Main concerns include; Public goods – defence, social services Merit goods – libraries, education Externalities – pollution Danger of monopolies Under-utilisation of economic resources Output determined and distributed on the ability to pay

Public goods – defence, social services

Merit goods – libraries, education

Externalities – pollution

Danger of monopolies

Under-utilisation of economic resources

Output determined and distributed on the ability to pay

How can governments respond to these problems? Public ownership Legislation Fiscal regulation

Public ownership

Legislation

Fiscal regulation

Regional Policy Many countries have a regional policy Designed to help areas with economic or social problems

Many countries have a regional policy

Designed to help areas with economic or social problems

UK Urban ‘problem’ Large scale unemployment Loss of industry Riots during the 1980’s in several large cities

Large scale unemployment

Loss of industry

Riots during the 1980’s in several large cities

The Urban Programme Combat the economic, social and environmental problems of urban areas 1. Bring land and buildings into effective use 2. Encourage development of industry and commerce 3. Provide housing and other social facilities

Combat the economic, social and environmental problems of urban areas

1. Bring land and buildings into effective use

2. Encourage development of industry and commerce

3. Provide housing and other social facilities

Chapter 12 The Market System

‘ The market system is an economy in which all the basic economic choices are made through the market.’ The market is a place where buyers & sellers of a product are brought together There are many different kinds of market involving different buyers and sellers A free market system is one in which the basic economic choices are made through the market

The market is a place where buyers & sellers of a product are brought together

There are many different kinds of market involving different buyers and sellers

A free market system is one in which the basic economic choices are made through the market

The Market Mechanism The way in which buyers and sellers are brought together

The way in which buyers and sellers are brought together

Demand The quantity of a good or service that households are willing and able to purchase at a particular price (effective demand)

The quantity of a good or service that households are willing and able to purchase at a particular price (effective demand)

Demand depends on; Price of the good Prices of other goods (substitutes or compliments) Disposable income Tastes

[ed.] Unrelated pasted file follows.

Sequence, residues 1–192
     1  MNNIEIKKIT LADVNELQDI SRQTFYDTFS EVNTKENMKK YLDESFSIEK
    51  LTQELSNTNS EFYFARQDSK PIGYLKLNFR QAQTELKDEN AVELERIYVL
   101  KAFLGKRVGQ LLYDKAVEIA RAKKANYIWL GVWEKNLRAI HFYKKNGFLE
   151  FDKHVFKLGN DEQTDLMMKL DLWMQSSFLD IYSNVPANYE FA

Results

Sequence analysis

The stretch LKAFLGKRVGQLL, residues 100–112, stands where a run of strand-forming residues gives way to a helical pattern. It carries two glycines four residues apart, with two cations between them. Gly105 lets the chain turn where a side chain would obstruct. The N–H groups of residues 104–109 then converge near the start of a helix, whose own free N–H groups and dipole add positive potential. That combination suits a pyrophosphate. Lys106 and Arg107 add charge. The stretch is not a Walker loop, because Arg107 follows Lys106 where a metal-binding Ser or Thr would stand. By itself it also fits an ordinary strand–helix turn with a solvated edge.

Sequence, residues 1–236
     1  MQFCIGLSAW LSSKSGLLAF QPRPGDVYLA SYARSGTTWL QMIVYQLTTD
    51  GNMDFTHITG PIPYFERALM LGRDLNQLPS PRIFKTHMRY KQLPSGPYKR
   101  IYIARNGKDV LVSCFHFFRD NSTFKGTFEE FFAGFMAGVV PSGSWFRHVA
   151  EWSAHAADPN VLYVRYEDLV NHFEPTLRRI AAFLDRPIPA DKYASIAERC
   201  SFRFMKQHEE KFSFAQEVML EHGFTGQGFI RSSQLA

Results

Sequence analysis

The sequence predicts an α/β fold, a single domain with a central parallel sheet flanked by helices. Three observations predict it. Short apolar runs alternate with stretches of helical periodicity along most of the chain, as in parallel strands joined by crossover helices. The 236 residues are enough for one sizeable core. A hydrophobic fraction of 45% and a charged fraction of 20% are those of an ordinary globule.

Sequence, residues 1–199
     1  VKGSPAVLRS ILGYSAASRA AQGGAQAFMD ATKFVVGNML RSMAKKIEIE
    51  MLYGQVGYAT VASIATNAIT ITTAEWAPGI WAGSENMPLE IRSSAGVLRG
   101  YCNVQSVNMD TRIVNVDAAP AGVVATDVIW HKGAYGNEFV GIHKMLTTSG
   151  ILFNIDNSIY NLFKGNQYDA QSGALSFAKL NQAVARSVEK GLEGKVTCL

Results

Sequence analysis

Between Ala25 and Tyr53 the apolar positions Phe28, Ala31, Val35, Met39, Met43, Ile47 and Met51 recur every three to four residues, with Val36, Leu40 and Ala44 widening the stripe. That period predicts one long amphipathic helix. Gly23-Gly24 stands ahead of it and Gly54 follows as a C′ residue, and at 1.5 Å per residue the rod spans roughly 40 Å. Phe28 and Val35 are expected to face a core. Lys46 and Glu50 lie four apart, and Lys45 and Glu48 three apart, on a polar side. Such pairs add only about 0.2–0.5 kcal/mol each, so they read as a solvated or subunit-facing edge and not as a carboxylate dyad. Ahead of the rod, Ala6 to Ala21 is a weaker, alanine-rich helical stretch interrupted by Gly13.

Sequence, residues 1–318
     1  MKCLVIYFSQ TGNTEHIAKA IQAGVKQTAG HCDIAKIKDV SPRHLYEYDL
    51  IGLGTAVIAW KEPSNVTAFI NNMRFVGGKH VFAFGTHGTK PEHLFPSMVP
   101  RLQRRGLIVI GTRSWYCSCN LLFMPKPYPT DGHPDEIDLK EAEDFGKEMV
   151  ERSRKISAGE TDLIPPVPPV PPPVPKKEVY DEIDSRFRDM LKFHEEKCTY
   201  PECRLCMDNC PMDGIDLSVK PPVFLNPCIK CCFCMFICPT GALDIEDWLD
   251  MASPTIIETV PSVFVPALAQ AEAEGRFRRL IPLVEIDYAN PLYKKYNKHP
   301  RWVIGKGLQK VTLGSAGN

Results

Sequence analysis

Price of the good

Prices of other goods (substitutes or compliments)

Disposable income

Tastes

Table 12.1 The demand for ‘Real Brew’ draught beer

Figure 12.1 A demand curve for ‘Real Brew’ draught beer

Figure 12.2 Shifting demand curves

Supply The quantity that firms are willing and able to supply to the market at a particular price (effective supply)

The quantity that firms are willing and able to supply to the market at a particular price (effective supply)

The quantity supplied depends on; The price of the good The prices of other goods The prices of the resources used to produce the good Technology Expectations Number of suppliers

The price of the good

The prices of other goods

The prices of the resources used to produce the good

Technology

Expectations

Number of suppliers

Table 12.2 The supply of ‘Real Brew’ draught beer

Figure 12.3 The supply of ‘Real Brew’ draught beer

Figure 12.4 Shifting supply curves

The equilibrium price The amount which consumers wish to buy is the same as the amount that producers wish to sell Point where the demand and supply curves cross (equilibrium price & equilibrium quantity)

The amount which consumers wish to buy is the same as the amount that producers wish to sell

Point where the demand and supply curves cross (equilibrium price & equilibrium quantity)

Excess supply = buyers market Excess demand = sellers market

Excess supply = buyers market

Excess demand = sellers market

Table 12.3 The supply and demand for ‘Real Brew’ draught beer

Figure 12.5 The market for ‘Real Brew’ draught beer

Figure 12.6 A shift in the demand curve

Figure 12.7 A shift in the supply curve

Figure 12.8a The normal working of the market

Figure 12.8b A reduction in supply

Figure 12.8c Increases in demand

Price controls Occasionally governments decide that a particular equilibrium price is politically, socially or economically unacceptable Impose their own prices; Price ceiling Price floor

Occasionally governments decide that a particular equilibrium price is politically, socially or economically unacceptable